A bill to hike Alaska’s gas tax to $0.16 for the first time since 1970 has advance a key committee but faces opposition. (KTOO photo)

Lawmakers have taken a step towards doubling Alaska’s lowest-in-the-nation gas tax. State officials say doubling the state levy to 16 cents at the pump would raise more than $33 million a year.

House Bill 104 — supported by Rep. Jonathan Kreiss-Tomkins (D-Sitka) and Rep. Grier Hopkins (D-Fairbanks) — cleared the House Transportation Committee Tuesday (3-16-2021); it now heads to the finance committee.

“The bill fundamentally doubles what is a very small tax set in 1970,” co-sponsor Rep. Andy Josephson (D-Anchorage) said.

Sitka Democratic Rep. Jonathan Kreiss-Tomkins is a co-sponsor of the bill. (KTOO photo/Skip Gray)

Most of the revenue would go toward highway maintenance. And it enjoys wide support from business and industry groups that say it would help reinvest in Alaska’s road infrastructure.

“I think it’s a reasonable fee to pay given the effect of inflation,” Josephson added.

But it would also boost a separate surcharge on refined fuel. That’s projected to raise about $3.5 million a year for a state fund used to prevent and respond to oil spills.

The state’s Spill Prevention and Response Division has lost 17 positions since 2015. And Gov. Mike Dunleavy has proposed cutting an additional five positions in the next budget cycle, while the division’s director position is currently vacant.

An environmental watchdog group called the Prince William Sound Regional Citizens Advisory Council which was formed in the aftermath of the 1989 Exxon Valdez spill, says that division is crucial for the state’s ability to respond to environmental calamities.

“This revenue shortfall diminishes the ability of the state to prevent oil spills and hazardous substance releases, maintain an adequate level of readiness and the ability to respond rapidly should a spill occur,” Executive Director Donna Schantz told the committee.

But there was also push-back from commuters who say raising the cost of driving would be unfair. Bert Houghtaling of Big Lake said he’s among tens of thousands who commute between the Mat-Su and Anchorage. He says Alaskans are already hurting due to the COVID-19 pandemic without the price of gas rising further.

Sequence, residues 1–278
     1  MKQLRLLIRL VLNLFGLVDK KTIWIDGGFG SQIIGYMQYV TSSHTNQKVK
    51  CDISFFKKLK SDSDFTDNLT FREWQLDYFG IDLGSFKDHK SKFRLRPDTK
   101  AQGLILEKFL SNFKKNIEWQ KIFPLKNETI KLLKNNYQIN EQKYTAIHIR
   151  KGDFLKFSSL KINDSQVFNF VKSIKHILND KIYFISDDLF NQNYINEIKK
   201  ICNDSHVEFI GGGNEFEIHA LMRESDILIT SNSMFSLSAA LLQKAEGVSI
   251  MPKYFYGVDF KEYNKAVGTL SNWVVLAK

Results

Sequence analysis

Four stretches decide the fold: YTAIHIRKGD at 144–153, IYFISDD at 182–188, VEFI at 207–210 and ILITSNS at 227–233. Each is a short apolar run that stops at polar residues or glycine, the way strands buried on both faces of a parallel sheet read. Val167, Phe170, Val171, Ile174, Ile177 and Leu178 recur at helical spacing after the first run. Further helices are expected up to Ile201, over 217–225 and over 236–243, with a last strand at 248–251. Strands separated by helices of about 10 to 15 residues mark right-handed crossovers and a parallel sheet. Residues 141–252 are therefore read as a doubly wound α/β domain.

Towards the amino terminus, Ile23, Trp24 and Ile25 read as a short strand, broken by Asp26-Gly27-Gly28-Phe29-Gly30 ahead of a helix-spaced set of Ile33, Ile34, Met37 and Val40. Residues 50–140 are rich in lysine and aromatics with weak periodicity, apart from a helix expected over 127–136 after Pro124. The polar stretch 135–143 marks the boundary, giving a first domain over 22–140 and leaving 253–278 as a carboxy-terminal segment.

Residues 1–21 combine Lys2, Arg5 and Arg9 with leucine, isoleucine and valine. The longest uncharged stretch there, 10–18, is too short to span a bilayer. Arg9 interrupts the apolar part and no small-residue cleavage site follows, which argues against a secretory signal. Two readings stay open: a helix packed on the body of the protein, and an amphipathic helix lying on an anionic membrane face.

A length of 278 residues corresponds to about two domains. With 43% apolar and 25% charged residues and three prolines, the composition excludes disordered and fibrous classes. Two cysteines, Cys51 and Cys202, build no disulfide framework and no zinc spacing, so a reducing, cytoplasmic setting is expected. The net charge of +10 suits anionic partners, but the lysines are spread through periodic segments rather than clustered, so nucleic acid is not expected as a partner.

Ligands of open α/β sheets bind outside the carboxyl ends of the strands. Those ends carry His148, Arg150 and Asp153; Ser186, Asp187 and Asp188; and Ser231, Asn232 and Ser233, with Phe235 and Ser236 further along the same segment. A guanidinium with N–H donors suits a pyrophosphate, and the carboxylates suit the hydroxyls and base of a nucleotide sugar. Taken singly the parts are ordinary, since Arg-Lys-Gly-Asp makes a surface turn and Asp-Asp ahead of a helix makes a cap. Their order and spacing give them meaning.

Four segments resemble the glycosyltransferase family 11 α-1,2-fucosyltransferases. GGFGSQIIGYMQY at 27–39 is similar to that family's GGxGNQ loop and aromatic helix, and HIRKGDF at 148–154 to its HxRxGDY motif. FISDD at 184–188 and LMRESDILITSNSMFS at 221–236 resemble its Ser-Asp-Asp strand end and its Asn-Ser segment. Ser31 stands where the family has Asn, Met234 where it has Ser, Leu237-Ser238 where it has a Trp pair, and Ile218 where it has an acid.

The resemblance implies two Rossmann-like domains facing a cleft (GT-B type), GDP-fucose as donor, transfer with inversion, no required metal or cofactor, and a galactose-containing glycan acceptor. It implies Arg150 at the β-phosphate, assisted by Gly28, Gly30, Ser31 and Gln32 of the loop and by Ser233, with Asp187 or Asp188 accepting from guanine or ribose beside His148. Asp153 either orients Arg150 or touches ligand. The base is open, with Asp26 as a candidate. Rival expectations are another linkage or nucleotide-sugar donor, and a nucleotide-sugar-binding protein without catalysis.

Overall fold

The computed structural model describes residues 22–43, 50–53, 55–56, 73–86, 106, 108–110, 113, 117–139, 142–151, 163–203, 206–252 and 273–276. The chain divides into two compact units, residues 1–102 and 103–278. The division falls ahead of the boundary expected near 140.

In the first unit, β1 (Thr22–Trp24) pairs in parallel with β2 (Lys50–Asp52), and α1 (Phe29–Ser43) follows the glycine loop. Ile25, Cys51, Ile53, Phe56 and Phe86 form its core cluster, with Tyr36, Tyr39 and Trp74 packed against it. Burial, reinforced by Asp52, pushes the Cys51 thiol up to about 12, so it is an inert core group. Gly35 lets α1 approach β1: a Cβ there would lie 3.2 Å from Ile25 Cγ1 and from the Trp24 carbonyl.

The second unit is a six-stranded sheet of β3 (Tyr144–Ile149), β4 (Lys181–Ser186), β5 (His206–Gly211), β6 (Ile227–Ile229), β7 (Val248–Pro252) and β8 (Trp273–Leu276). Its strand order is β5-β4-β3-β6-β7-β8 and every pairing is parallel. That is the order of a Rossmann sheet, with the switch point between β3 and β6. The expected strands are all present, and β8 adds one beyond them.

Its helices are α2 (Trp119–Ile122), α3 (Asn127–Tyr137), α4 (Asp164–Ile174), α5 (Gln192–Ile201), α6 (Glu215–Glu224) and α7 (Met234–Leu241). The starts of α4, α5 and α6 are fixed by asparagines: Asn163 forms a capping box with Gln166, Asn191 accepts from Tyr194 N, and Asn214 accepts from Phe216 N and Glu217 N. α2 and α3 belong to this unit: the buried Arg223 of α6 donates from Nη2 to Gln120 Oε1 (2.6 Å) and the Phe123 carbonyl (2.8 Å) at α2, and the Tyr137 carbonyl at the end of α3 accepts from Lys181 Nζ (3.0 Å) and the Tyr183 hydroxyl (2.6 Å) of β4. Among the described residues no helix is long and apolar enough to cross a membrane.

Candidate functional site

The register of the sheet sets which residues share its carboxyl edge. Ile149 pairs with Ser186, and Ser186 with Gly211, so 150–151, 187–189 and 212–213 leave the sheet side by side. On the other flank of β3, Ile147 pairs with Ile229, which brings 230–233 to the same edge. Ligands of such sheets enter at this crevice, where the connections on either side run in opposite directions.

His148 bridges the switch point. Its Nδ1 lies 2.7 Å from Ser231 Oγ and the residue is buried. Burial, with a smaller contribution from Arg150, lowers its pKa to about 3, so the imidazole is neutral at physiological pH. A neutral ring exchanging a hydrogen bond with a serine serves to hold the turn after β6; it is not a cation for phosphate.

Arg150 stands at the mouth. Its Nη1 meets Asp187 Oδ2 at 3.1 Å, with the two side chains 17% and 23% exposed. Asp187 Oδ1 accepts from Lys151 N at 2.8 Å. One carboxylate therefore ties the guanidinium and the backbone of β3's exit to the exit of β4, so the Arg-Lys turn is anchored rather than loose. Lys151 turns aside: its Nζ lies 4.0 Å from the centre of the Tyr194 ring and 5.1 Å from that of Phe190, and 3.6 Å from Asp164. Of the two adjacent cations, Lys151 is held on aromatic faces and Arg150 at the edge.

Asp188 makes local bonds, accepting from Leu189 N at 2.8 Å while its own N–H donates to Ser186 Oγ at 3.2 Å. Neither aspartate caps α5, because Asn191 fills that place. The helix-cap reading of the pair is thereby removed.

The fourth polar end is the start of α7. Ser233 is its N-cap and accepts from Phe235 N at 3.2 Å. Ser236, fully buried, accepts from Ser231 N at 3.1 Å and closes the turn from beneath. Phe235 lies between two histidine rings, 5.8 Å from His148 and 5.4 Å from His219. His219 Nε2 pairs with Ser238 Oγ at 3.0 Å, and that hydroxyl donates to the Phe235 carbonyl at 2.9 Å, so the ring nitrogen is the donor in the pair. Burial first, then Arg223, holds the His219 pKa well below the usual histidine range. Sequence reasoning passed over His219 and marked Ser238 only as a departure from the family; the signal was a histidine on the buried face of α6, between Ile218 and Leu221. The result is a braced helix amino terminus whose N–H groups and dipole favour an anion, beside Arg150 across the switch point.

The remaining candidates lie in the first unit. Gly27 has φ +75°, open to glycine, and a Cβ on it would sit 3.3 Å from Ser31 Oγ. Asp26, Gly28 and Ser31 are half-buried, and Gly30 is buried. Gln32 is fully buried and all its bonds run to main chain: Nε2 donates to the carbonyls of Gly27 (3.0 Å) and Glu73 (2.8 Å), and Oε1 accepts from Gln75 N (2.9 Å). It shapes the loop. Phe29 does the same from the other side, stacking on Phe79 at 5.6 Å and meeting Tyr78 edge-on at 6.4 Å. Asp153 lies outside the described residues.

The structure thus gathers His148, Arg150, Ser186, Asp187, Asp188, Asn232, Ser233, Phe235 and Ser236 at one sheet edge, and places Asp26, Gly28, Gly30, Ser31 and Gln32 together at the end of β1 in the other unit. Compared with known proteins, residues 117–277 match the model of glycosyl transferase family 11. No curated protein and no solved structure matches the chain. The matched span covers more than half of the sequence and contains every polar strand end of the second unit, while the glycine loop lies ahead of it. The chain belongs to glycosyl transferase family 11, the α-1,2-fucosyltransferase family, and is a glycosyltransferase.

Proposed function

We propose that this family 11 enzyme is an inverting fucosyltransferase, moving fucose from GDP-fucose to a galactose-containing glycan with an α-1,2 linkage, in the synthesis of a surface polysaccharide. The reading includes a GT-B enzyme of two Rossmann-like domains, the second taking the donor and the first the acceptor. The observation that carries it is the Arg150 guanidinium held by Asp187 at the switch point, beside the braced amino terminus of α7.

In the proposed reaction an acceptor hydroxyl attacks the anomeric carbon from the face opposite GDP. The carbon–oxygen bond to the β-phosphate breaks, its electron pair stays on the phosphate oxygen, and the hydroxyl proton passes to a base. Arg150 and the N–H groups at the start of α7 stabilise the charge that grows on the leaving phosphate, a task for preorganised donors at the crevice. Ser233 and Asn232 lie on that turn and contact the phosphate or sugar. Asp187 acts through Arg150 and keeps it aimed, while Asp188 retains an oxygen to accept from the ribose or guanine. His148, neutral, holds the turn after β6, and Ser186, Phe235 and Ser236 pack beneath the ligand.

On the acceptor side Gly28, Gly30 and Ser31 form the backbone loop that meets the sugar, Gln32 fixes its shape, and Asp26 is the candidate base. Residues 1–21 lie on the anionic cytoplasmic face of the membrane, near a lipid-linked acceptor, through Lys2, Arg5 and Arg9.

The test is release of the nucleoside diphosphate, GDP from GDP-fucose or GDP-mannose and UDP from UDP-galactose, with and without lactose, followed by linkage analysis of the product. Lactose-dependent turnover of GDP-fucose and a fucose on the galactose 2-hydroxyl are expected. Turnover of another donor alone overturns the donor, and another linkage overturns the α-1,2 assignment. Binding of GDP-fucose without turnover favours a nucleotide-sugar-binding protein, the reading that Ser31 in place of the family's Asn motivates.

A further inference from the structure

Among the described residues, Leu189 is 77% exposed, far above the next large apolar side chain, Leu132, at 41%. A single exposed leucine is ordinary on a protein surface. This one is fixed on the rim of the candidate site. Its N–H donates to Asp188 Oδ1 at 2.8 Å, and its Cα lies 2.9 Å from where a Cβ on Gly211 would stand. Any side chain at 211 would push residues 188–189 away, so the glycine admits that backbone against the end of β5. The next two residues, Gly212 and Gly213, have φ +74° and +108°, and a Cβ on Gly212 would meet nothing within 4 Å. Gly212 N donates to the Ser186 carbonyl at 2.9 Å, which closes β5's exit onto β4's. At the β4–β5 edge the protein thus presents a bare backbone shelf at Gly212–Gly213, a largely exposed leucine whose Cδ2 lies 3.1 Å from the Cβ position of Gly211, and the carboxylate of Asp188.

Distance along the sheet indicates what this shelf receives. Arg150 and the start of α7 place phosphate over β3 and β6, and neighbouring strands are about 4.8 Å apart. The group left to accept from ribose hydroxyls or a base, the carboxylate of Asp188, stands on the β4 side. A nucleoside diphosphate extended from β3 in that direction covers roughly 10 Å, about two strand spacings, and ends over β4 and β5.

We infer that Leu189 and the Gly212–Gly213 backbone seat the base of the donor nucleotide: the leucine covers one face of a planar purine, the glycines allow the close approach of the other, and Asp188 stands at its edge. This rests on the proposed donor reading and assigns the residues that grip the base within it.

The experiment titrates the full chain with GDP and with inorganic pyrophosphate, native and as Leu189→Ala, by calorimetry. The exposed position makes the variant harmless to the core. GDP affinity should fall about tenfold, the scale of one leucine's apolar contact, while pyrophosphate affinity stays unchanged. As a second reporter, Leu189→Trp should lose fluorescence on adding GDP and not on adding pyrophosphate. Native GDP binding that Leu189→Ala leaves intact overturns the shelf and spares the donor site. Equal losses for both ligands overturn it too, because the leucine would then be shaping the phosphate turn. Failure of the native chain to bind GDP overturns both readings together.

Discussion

“It’s just disproportional and wrong timing for a discussion like this to be happening,” he said.

Mike Coons, president of the Mat-Su chapter of a conservative advocacy group called the Association of Mature American Citizens, says he’s mobilizing opposition to any increase in fuel taxes.

Sadly, the leftist House will pass this out with full no-votes by our conservative caucus,” Coons said. “I and others will do all we can to kill this in the Senate.”

His prediction was prescient: House Bill 104 advance out of the transportation committee 4-3 along party lines with a trio of House Republicans objecting: Reps. Tom McKay, Kevin McCabe and Mike Cronk.

Lawmakers have discussed raising Alaska’s fuel tax for years, and the Senate passed a similar bill last session. But the COVID-19 pandemic meant its companion died in the House leaving sponsors to resume their push this year. 

The bill would also raise registration fees by $100 for electric vehicles and $50 for hybrids to help pay for their wear and tear on state highways, since they don’t consume as much fuel. It would also rebate the tax hike on marine fuel for licensed commercial fishing vessels.

Gov. Dunleavy hasn’t indicated where he stands on the fuel tax hike.

“The Governor will consider the bill in its final version if and when it reaches his desk for a signature,” a Dunleavy spokesperson told CoastAlaska on Tuesday.

This article has been updated to correct the spelling of Donna Schantz’s name.